The Black Swan Test

Many commentators have suggested that firms need to do stress tests to examine their vulnerability to adverse situations that are not within the data set used to parameterize their risk models. In the article linked below, I suggest the adoption of a terminology to describe stress tests and also a methodology that can be adopted by any risk model user to test and
communicate a test of the stability of model results. This method can be called a Black Swan test. The terminology would be to set one Black Swan equal to the most adverse data point. A one Black Swan stress test would be a test of a repeat of the worst event in the data set. A two Black Swan stress test would
be a test of experience twice as adverse as the worst data point.

So for credit losses for a certain class of bonds, if the historical period worst loss was 2 percent, then a 1BLS stress test would be a 2 percent loss, a 4 percent loss a 2BLS stress test, etc.

Article

Further, the company could state their resiliency in terms of Black Swans. For example:

Tests show that the company can withstand a 3.5BLS stress test for credit and a 4.2BLS for equity risk and a simultaneous 1.7BLS credit and equity stress.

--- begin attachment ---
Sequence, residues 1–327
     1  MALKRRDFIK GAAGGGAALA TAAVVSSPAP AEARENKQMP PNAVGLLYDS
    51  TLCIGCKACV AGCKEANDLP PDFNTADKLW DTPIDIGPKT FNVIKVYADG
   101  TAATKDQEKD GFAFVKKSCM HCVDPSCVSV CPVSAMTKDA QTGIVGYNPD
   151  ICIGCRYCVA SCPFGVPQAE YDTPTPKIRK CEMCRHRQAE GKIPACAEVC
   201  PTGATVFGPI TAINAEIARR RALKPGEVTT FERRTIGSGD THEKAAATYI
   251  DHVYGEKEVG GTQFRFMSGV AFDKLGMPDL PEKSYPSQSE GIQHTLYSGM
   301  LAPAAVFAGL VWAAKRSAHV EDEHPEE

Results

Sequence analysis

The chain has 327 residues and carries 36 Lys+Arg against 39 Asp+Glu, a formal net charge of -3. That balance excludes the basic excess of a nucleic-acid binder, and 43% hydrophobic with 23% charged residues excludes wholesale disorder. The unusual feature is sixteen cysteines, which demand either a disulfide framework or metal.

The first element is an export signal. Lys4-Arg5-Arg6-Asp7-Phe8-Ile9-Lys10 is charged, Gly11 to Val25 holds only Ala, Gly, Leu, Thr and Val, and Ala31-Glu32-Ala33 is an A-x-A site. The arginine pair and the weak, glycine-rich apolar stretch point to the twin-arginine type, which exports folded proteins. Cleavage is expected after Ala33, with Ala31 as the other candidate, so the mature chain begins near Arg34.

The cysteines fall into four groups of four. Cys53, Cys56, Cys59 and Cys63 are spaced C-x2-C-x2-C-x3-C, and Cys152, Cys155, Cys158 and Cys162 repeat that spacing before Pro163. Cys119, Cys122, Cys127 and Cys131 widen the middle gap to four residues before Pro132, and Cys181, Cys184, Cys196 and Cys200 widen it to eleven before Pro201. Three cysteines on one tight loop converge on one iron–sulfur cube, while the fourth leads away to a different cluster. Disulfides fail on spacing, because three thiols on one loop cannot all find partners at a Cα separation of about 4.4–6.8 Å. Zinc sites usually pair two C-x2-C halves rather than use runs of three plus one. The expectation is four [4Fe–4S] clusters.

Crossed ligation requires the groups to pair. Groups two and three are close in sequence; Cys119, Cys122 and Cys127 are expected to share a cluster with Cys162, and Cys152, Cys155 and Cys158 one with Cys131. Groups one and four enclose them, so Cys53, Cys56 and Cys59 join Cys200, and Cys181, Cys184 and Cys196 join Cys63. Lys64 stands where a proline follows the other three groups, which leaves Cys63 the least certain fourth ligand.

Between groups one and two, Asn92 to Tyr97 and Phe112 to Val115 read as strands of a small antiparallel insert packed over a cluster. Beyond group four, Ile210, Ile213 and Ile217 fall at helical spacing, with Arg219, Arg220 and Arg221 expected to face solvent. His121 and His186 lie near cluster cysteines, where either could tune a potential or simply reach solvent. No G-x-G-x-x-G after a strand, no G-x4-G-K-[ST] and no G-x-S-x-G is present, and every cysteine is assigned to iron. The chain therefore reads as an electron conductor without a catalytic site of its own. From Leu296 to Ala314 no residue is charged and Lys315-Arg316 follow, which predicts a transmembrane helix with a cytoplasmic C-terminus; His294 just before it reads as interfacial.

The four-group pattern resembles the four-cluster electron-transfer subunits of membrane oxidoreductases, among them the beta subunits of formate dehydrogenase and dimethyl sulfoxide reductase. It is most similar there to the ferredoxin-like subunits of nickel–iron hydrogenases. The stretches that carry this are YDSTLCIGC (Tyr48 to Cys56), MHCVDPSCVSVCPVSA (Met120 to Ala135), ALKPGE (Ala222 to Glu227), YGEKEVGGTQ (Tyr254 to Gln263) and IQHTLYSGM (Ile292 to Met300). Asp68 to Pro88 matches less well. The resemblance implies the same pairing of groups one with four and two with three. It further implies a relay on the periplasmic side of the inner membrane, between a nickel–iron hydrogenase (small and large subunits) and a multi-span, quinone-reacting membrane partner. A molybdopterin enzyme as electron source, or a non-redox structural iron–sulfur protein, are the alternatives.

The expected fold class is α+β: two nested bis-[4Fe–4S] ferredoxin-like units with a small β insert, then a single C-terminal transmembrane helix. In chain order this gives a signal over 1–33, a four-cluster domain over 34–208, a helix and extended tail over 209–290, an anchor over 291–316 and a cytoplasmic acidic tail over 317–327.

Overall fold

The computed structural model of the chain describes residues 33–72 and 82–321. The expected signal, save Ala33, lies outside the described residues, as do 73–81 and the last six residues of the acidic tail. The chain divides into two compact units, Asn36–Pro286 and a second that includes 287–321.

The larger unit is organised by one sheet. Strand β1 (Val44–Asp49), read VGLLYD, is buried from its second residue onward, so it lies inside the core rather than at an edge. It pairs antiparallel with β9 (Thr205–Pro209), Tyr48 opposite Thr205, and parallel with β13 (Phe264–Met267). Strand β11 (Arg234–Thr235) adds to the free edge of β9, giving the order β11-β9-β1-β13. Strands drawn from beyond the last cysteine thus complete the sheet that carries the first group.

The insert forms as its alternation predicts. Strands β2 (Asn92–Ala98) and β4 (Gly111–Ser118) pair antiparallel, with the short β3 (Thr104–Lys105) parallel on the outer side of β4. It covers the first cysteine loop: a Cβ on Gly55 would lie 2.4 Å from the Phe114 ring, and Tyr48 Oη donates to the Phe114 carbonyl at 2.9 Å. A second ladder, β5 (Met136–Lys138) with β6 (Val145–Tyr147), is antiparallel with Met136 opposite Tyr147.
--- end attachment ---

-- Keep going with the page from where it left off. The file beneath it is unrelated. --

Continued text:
Similar terminology could be used to describe a test of model stability. A 1BLS model stability test would be performed by adding a single additional point to the data used to parameterize the model. So a 1BLS model stability test would involve adding a single data point equal to the worst point in the data set. A 2BLS test would be adding a data point that is twice as bad as the worst point.

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Explore posts in the same categories: Assumptions, Black Swan, Disclosure, Enterprise Risk Management, ERM, Risk, risk assessment, Risk Management, Stress Test, Tail Risk, Unknown Risks

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One Comment on “The Black Swan Test”

  1. Tjemme Says:

    I like the idea.

    One small comment: ‘worst data point’ can refer to either a fixed horizon, or to a flexible horizon. Arguably, it is most instructive to consider a flexible horizon (in line with the ‘maximum drawndown’ concept).


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